Van Dijk: Yes, that is still the case. It would be a primary listing as part of a portfolio, but it will not be a primary listing of Naspers — that will stay in Johannesburg.
McLeod: On the unbundling of MultiChoice, is there anything new to share, particularly in terms of timelines?
Van Dijk: We communicated previously that it would be in the first half of the new year. We are still working through the details of that, making sure that all the preparatory work is done well. What is pleasing to see is that the development path that MultiChoice is on is very encouraging. They have showed continued growth while managing their costs very well. That’s one of the reasons that gave us confidence that the company is ready for that standalone life and can continue to demonstrate good growth and be a really attractive asset for investors.
McLeod: The churn in the premium segment at MultiChoice has been blamed on factors other than competition — more to do with the macroeconomic environment. How do you determine it’s in fact macro issues and not people switching to alternative services?
Van Dijk: We ask our customers. When people unsubscribe, we ask them why (they are doing so) and they tell us. Some people say there is a real affordability issue in the country. Some people just find it hard to afford it. People are feeling the pinch. We are trying to mitigate this by adding other services, but at the end of the day it’s an affordability issue and there’s little we can do about it. People are typically very happy with the product, but customers are feeling the pinch.
McLeod: What about your traditional media business? It continues to underwhelm, relative to the rest of the group. How committed are you to that business? Might you sell it, or consider unbundling it in a stock market floatation or some other mechanism?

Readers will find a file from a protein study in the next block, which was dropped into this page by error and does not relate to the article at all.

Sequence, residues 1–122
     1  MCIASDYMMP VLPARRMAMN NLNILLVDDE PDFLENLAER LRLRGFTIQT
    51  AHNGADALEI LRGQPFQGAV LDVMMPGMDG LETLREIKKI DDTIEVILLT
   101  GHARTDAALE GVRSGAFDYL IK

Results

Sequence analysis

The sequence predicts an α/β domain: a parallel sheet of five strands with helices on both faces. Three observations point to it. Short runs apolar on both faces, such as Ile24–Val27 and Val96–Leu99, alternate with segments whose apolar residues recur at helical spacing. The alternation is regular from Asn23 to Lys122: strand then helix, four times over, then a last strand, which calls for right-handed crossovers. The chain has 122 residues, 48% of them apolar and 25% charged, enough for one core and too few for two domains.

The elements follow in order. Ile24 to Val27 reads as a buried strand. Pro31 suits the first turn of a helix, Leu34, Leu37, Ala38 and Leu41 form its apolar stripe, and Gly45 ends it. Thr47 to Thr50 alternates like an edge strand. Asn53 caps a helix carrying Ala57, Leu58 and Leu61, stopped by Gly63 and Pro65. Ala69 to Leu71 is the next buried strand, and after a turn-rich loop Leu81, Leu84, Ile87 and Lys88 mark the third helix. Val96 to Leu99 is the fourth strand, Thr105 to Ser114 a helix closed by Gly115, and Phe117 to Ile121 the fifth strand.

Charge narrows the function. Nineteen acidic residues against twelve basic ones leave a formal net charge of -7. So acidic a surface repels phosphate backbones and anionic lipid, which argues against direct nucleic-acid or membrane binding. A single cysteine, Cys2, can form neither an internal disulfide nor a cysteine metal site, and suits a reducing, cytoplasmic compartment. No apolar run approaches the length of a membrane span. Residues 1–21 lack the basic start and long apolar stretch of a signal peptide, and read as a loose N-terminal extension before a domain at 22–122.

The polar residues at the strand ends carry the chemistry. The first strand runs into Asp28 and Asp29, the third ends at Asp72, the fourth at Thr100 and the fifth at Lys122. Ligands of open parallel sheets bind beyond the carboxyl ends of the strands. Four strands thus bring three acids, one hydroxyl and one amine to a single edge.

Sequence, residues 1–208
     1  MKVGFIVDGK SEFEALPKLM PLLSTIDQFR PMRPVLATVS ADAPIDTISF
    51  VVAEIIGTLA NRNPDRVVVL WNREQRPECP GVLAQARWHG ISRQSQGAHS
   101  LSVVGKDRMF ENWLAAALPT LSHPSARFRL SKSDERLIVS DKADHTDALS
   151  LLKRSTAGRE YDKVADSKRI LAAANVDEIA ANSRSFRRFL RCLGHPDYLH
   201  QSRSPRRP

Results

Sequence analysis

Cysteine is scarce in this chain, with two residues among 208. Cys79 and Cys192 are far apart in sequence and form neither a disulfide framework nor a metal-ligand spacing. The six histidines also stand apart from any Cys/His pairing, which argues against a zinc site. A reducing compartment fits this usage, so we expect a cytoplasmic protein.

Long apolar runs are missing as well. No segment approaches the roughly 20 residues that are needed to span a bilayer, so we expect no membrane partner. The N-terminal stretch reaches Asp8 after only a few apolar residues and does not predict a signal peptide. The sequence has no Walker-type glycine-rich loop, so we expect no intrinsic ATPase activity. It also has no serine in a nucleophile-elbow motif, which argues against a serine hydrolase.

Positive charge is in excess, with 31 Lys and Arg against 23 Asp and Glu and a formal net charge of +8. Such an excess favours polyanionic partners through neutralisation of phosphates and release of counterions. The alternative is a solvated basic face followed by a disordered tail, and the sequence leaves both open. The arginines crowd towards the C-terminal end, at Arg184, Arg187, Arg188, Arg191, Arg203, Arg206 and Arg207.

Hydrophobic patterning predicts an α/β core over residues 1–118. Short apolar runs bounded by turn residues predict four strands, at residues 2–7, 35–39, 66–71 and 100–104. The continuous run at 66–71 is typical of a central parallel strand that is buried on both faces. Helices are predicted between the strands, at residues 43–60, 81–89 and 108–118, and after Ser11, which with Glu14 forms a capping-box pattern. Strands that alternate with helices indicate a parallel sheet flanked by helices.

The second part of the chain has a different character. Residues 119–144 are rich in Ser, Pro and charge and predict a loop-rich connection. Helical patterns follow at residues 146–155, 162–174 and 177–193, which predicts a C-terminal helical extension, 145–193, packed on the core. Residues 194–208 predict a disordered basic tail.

Van Dijk: Relative to the overall size of Naspers, it doesn’t move the needle. What is important to say is the company is well run and is making the transition from a traditional media company to much more an online media company, and they are doing this quite well. It’s a top priority for the entire Media24 group. If you look a little further out, and look at markets like China, you see that online news, and particularly personalised online news, is a huge growth market. Tencent’s own news products are really high-growth opportunities that are starting to be well monetised. If you look a few years out, the opportunity for personalised online news is a large one and Media24 is well positioned to pursue that.
McLeod: Regarding your announcement last month of Naspers Foundry and your plan to invest R1.4-billion in technology start-ups in South Africa (outside the Naspers stable), will that be a broad-based technology investment fund, or will you be looking for investments that fit in with Naspers’s strategic focus?
Van Dijk: One of the things that has served Naspers well has been to invest in areas that we know well. It will likely be consumer technology driven. There is unlikely to be an investment into hardware, which, frankly, we know very little about. Consumer technology will most likely be the direction for those investments. — © 2018 NewsCentral Media